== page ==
Holly White Ph.D.

Chaotic Cognition

The Truth About the "Box" in Outside-the-Box Thinking

Unlock your creative mind and unleash your imagination.

Posted Jun 06, 2020

Holly White
"Divergent"
Source: Holly White

Innovation consultants advise their clients to “Think outside the box” to boost creativity and adaptability. So, what is this box, and how does one think outside it?

Originally, the box was a reference to the nine-dot problem. The goal of this classic puzzle is simple; Connect all the dots in a 9-dot array using no more than four straight lines and without lifting your pen or pencil from the page. Sound easy? Click here to try the puzzle before you read further.

If this puzzle has you stumped, you’re not alone. The nine equally spaced dots give the impression of a square or box. Without realizing it, you may assume that the lines must be drawn within the boundaries of the dots. To solve the puzzle, you must let go of that assumption—you must think outside the box! In the correct solutions, the lines always extend outside of the square.

In a figurative sense, the "box" is a metaphor for an unnecessary assumption, constraint, or precedent which limits creative problem-solving. Like a literal box, an inflexible representation is restrictive and confining. To overcome this impasse to creative problem solving, it may help to change perspectives, question rules (or assumptions), and try different approaches. In other words, "think outside the box." That may sound intuitive; why do we even need a reminder to think more flexibly?

Shortcuts and Sticky Boxes

For starters, we’re not computers; we take mental shortcuts. We rely on life experience and context to make educated guesses when faced with ambiguous or partial information. In the nine-dot problem, we instantly recognize the pattern of a square, despite the missing lines. 

We opt for shortcuts when we have limited time, information, or computational resources; in other words, because we have no alternative. But we also cut corners out of habit. In the words of psychologist Susan Fiske, we are cognitive misers—we spend as little of our cognitive resources as possible.

So, although we quickly interpret situations quickly, we rarely critique the validity of these first impressions. As a result, we may find ourselves confined by our own false assumptions—stuck in the proverbial box. By sticking to what’s allowable, believable, correct, or even possible, we constrain our imagination.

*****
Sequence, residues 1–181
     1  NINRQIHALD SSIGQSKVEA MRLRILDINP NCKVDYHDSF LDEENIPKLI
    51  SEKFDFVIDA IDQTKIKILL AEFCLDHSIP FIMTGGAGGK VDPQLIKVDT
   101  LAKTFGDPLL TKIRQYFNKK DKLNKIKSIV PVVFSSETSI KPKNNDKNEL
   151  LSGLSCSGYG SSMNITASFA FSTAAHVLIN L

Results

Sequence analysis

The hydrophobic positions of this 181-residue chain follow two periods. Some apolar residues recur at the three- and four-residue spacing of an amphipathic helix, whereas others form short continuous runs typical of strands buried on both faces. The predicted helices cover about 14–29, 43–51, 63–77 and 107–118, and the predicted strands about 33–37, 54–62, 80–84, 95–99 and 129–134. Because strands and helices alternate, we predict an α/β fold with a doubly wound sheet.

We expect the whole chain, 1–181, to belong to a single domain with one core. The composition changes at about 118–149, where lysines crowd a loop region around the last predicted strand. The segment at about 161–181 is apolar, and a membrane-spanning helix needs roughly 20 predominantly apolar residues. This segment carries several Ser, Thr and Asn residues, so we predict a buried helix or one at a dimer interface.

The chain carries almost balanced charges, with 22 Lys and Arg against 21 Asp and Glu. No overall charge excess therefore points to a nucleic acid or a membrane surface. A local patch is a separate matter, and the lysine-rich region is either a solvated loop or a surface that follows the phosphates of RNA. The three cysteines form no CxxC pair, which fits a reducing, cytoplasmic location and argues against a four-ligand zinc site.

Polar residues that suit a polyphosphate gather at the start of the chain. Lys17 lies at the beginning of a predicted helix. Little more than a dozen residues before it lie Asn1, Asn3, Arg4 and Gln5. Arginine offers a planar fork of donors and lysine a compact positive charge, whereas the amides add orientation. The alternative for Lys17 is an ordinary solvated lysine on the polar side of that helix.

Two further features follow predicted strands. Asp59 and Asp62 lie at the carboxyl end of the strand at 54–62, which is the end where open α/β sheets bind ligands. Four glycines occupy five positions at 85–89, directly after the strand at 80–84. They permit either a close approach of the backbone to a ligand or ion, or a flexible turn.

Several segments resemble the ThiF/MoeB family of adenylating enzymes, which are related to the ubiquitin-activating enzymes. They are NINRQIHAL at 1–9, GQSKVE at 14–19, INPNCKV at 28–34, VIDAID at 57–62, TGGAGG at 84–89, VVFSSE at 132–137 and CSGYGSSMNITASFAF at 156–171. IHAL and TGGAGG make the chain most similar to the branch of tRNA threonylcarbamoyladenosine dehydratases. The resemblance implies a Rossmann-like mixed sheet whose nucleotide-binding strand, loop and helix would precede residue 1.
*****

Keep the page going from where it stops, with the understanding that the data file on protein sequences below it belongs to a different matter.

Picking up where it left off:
Thinking Outside-the-Box

Innovative thinking emphasizes change. Taking different perspectives, questioning the status quo, thinking unconventionally— these all involve breaking from the norm.

By definition, this sort of thinking is more original. An open and flexible mind also allows one to adapt more easily to unexpected and unprecedented situations.

And best of all, you don’t have to be an innovator or entrepreneur to think outside the box. By embracing little changes, you’ll automatically become more flexible. Here are a couple of simple exercises to stretch your creative muscles in everyday life.

Question assumptions

In the nine-dot problem, you might have limited yourself to solving the puzzle in a certain way because that’s what you thought you were supposed to do. Our assumptions are like internal rules running in the background, outside our awareness, but they are visible in our behavior. Here’s a simple 3-step technique for identifying and breaking your own (imaginary) rules:

  1. Describe behavior
  2. Identify assumption
  3. Break rule

Let’s apply this to the nine-dot problem as an example: 

  1. Behavior: Attempting to connect the dots in a square pattern.
  2. Assumption: The solution looks like a square (or must stay inside the dots).
  3. Break rule: Draw something that doesn’t look like a square (or draw outside the dots).

Now let’s try an everyday situation. Imagine you’re trying to fit all your utensils in a drawer and the oddly shaped ones won’t fit.

  1. You are trying to get all the utensils in the drawer (behavior).
  2. Utensils belong in a drawer (assumption).
  3. Utensils don’t have to go in a drawer.

By chucking the unnecessary assumption, you shift your perspective and open yourself to alternative solutions. If you don’t put all the utensils in a drawer, where might you put them instead? Maybe the tall ones could be placed in a funky metal vase… or a glass jar, fun pottery, or sleek organizer. You could hang them from hooks on a rustic wood plank that complements your lake cabin kitchen, etc. Once free of your self-imposed rules, you can creatively improvise.

Break everyday boxes

We are creatures of habit. Think about the things you do on a daily basis (parking, loading the dishwasher, grocery shopping), and ask yourself why you do them that way. Many times the answer is "habit." 

Make it a point to try something new or do something differently. Spread a blanket on the living room floor and have a picnic. Swap your desk chair for a stability ball. Take a bath instead of a shower. Take a different jogging path, try a different grocery store, or sample a book from a new genre. Breaking everyday boxes will keep your mind flexible. 

Shake it up!

Multi-tasking is a great way to stay flexible. If you’re working at home, take a break from the computer to do laundry. If you have multiple projects, create sub-goals and rotate between tasks. Take a 10-minute walk. Shifting mental gears will refresh your cognitive settings and prevent you from getting stuck in a rut. Set a smartwatch or phone reminder to get moving, take a break, or switch it up. Change can spark creativity!